5. 5. ResearchDesign • Data gathering • 39 health care providers from 4 specialties: Obstetrics and gynecology; mental health; oncology; and nursing • 8 specialty-focus groups and 7 individual interviews • Provider perspective through personal narrative
    6. 6. ResearchDesign • Data analysis • Grounded theory—Strauss and Corbin • Open coding • Axial coding • Selective coding
    7. 7. Considerationsfor choosingan interpreter:
    8. 8. Timeconstraints • Availability “If it’s really not an emergency, then we are going to wait for an official interpreter to come over.” “Maybe we’ve got some nurses that can speak some Spanish, and we will utilize what we can ’til we get an interpreter.” • Ease of use “Most of the time we go with the family member not knowing what was really communicated. And that is FAR from ideal. But it’s usually time constraint.” “ ’Cause I would use them SO MUCH MORE often if they were just right there… instead of having to call and wait 25 minutes for them to get up here.”
    9. 9. Pivotalto therapeutic objectives • Dependent on clinical complexity “To a certain extent [it’s] just time constraint, which goes with severity of illness.” “If the patient has something that’s gonna require quite a bit [of] medical explanation, that’s why our [on-site] interpreters are, you know, they have a lot more medical training, and interpretation of medical jargon as opposed to the general person on the street.” “We need information very, very quickly. If they [the patient] got someone there that maybe even just speaks a little bit of English, then we are gonna use that at least to start so I can get whatever information I can, and if it’s not an emergency, then […] we are going to wait for an official interpreter to come over.”
    10. 10. Pivotalto therapeutic objectives • Respecting patient privacy “The obvious concern would be confidentiality issues. And the patient will not be forthcoming with the interpreter and I can’t really ask the things I need to ask through the family member.” “If a woman or a male [is talking] about really significant private information, so you are going to get history of sexual background or HIV or […] or pregnancy potential, you know if that opposite sex neighbor or opposite sex distant relative or even an adolescent female’s mother, those will be the situations that we would want to get an [on-site] interpreter.” • Connecting through compassion “It’s challenging when I have someone that is very, very upset if I’m breaking bad news […] It’s nice to have an [on-site] interpreter […] that cannot only interpret but can assist in providing that compassion and empathize. That’s very helpful to the treatment.”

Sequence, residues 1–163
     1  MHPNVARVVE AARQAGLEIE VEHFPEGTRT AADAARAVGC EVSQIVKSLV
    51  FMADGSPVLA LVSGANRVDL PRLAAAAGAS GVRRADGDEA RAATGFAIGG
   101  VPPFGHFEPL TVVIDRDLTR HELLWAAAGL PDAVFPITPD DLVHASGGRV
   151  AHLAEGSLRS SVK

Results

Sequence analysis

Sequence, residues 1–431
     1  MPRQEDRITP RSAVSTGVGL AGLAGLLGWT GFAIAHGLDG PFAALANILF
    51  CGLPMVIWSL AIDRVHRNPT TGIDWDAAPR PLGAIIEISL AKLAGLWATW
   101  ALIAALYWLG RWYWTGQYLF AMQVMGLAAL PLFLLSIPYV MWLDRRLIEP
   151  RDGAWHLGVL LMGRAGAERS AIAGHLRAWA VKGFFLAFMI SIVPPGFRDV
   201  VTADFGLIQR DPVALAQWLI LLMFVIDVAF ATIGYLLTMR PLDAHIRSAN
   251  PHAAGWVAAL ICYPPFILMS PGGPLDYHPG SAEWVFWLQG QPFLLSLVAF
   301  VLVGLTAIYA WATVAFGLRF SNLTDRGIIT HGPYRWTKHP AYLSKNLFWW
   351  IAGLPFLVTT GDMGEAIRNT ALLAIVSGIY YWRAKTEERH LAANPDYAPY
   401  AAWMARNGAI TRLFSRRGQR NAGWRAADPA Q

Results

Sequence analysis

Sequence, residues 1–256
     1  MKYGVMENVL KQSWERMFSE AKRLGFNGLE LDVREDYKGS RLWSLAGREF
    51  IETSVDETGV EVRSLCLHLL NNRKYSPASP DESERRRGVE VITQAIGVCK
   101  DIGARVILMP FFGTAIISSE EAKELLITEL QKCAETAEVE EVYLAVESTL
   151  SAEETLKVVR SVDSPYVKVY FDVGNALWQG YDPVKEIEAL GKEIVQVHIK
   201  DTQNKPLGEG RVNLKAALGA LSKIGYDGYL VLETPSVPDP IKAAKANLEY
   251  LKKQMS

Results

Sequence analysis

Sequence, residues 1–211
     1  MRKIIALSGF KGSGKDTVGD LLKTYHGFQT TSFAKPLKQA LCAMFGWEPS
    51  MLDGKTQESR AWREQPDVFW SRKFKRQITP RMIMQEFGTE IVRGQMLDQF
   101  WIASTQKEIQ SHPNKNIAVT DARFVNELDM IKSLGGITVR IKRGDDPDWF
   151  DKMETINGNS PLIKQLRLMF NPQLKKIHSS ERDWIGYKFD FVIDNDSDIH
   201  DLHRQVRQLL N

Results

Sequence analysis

11. 11. Institutionalpolicies • Legal: “I mean it’s never ok to not get consent out of a patient for a basic procedure just because we don’t or can’t communicate with them because of the language barrier.” “Everybody worries about malpractice. I think [on-site] interpreters REDUCE my risks, because you can communicate with patients more accurately and obtain better information.” • Financial “So, I agree that professional interpreters are our preference, but unfortunately, financially, it’s nearly impossible to do that.” “It is… the best use of resources… who’s tied up doing interpretation [instead of paid role].”
    12. 12. Alliances of coordinatedcare • Minimizing patient anxiety “If you’re going to take the patient’s baby away because their drug test was positive or whatever, you know something important like that, I make sure I have an [on-site] interpreter and make sure they [the patient] understood everything.” “I will try to respect that [patient’s preference] unless I see that it [the translation] is just totally inadequate.” • Advancing the provider’s agenda “Again, this goes with experience. I mean you got an [on-site] interpreter that has been with a large number of patients […] and they KNOW we are not going to stop what we are doing to, you know, do those patients’ requests.” “We have several interpreters here, and the ones I work with for a long time […] I am very comfortable with them redirecting the patient and stopping the patient.”
    13. 13. Interpersonaldynamicsare complex Provider-patient • Relationship • Nonverbal • Privacy Interpreter- Provider • Working history • Alliance • Agenda setting Patient- interpreter • Alliance • Trust
    14. 14. Discussion • Confounding conditions play a role in determining the type of interpreter used. • Providers are both controlled by and have varying degrees of control over certain conditions. • Providers may sometimes aim for salience transfer through a specific interpreter or interpreter type. • Careful consideration toward conditions and objectives could aid in choosing an appropriate interpreter.